Residents in Harare have welcomed plans by the local authority to return administrative powers to district offices, claiming this would make the solving of service delivery issues easier by bringing the two parties closer together, as they will work at a community level.
Critics say the current set up is overly bureaucratic and concentrated at Town House, meaning residents have to spend more time and effort to escalate service delivery issues.
This comes after Harare mayor, Councillor Bernard Manyenyeni, announced that he was in consultation with the Local Government and National Housing Minister, Saviour Kasukuwere, on service delivery issues. Manyenyeni said they had agreed to return to the old, decentralised system.
The mayor said the eight district offices they identified for decentralisation will retain 25 percent of all revenue collected in each respective area and the money will be used in their operations.
As part of the duties of district office officials, they will have to manage complaints from residents, and host regular public meetings to hear concerns from the communities they serve.
Resident, Takunda Chitau, says the move by the local authority is welcome, as it will ensure that council is able to attend to issues more quickly, and that complaints would be better understood as they would be made in the vicinity of the issue.
“Many problems befalling the city are a result of absent officials who are out of touch with their communities. Imagine an official who resides in Gunhill or Borrowdale and drives everyday to and from Town House. If you visit him at those high offices and try to tell the problem of sewage bursts or garbage in Mbare or Warren Park, such people may not feel the intensity of the problems which are not prevalent in their own areas,” he said.
Another resident, Gracious Matope, echoed the same sentiments, but suggested that the 25% rates allocation should be higher.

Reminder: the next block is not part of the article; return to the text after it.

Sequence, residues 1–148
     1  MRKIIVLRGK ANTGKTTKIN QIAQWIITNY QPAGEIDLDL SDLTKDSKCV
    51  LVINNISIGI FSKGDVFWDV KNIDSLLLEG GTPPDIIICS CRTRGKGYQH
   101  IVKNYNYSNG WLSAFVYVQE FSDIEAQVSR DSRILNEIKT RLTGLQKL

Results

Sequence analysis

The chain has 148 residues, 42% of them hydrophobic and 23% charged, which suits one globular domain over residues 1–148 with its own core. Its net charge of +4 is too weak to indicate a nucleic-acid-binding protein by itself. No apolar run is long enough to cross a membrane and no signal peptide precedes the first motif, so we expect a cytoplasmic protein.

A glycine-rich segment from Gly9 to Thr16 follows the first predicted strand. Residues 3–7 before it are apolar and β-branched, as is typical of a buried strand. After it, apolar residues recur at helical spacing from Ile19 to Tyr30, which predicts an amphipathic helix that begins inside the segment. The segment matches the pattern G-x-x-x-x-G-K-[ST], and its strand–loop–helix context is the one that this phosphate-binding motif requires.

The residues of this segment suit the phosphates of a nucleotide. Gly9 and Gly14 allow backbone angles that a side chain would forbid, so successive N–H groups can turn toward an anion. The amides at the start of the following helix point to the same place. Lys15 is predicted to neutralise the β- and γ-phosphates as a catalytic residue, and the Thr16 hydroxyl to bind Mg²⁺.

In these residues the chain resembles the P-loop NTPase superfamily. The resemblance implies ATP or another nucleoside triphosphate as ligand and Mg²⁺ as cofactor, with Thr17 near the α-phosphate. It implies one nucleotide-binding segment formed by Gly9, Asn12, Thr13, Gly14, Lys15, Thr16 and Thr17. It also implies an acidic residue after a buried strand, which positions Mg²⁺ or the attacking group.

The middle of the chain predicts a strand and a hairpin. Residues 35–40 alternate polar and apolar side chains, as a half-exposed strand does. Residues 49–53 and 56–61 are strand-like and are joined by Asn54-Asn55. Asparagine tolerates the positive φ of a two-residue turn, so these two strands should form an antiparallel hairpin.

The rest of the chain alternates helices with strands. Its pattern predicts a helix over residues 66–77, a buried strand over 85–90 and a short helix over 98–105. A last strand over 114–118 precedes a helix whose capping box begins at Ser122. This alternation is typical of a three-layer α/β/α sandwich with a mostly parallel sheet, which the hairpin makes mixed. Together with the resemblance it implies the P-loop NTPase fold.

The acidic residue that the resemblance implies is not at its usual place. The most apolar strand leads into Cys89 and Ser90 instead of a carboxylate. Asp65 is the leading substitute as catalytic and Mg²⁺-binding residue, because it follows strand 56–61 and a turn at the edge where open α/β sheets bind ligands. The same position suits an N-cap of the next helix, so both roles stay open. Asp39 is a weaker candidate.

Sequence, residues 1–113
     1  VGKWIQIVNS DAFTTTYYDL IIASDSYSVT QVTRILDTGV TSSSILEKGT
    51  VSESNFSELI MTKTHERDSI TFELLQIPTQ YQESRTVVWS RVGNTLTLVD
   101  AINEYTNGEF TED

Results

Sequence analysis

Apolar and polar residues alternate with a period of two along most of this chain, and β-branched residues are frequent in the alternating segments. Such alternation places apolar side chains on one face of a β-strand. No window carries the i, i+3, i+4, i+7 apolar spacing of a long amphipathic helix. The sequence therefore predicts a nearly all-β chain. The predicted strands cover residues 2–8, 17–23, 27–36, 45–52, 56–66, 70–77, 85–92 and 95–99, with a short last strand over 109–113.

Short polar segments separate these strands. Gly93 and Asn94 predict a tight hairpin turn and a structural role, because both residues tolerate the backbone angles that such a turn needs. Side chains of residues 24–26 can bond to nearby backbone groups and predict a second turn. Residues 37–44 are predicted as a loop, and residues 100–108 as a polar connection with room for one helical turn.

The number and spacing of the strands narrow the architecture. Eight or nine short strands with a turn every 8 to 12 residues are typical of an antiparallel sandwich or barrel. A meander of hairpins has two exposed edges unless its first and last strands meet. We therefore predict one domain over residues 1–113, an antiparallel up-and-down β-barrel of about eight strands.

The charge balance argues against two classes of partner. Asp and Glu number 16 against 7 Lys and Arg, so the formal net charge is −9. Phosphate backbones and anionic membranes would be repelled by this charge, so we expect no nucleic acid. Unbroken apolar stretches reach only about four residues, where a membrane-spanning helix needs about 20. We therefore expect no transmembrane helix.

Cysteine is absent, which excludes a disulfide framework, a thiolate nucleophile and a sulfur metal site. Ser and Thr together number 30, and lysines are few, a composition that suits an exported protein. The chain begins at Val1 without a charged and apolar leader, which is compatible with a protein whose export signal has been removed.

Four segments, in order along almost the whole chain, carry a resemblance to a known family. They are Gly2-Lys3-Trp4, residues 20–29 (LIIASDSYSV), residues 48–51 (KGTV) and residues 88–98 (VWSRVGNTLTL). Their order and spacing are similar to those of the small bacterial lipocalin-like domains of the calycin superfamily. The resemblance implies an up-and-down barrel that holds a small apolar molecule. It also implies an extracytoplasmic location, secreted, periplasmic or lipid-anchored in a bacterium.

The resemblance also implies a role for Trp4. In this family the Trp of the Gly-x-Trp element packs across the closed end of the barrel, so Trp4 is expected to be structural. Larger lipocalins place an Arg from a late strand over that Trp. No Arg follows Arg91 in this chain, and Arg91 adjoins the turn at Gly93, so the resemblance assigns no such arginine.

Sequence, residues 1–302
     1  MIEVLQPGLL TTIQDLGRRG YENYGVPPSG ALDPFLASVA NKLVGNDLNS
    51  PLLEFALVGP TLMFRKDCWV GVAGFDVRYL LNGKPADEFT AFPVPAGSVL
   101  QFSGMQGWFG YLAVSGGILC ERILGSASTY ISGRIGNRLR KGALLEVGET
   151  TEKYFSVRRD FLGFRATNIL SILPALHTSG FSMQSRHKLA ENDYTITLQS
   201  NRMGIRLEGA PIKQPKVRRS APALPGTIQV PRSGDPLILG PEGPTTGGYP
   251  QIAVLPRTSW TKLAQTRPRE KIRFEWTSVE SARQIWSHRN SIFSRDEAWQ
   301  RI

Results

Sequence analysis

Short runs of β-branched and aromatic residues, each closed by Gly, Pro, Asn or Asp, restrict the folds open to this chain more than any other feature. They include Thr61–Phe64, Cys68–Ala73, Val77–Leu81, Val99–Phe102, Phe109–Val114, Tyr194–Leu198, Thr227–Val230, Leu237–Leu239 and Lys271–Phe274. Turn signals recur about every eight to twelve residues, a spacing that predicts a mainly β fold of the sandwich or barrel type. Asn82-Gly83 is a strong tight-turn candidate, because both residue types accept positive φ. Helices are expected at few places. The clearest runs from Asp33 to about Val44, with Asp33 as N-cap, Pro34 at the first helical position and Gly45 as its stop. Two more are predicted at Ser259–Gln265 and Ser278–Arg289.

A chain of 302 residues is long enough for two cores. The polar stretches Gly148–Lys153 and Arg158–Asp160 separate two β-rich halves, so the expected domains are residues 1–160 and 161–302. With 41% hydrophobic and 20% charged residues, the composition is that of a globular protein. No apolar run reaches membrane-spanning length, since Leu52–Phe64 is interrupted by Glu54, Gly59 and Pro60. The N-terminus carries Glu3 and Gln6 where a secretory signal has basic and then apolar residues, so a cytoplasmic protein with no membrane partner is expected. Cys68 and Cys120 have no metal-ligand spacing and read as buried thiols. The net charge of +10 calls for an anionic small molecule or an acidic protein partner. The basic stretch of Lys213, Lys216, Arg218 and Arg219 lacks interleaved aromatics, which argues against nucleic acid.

“This is a wonderful thing to do, but I think the 25 percent to be retained at each one of the eight districts is not enough, at least more than 50 percent could have been meaningful. This takes into cognisance that district offices will be expected to deal with all issues — be it burst pipes, sewer, road repairs, and waste removal,” she said.
Harare Residents Trust (HRT) said that while the move was noble, they were sceptical that council would succeed in implementing it.
HRT’s Training and Publications Officer, Sharon Magodyo, described how the 10% ward retention scheme was generally ineffective.
“Some wards received more money than others simply because some requests were not being approved on time, whereas residents had already made their payments. Up to now residents are still complaining that council promised that wards will plough back the money, and this time around they are coming up with a different strategy, what is the assurance that this will work?” she said.
Magodyo also stressed the need for a clear monitoring mechanism to be put in place to avoid corruption at community level.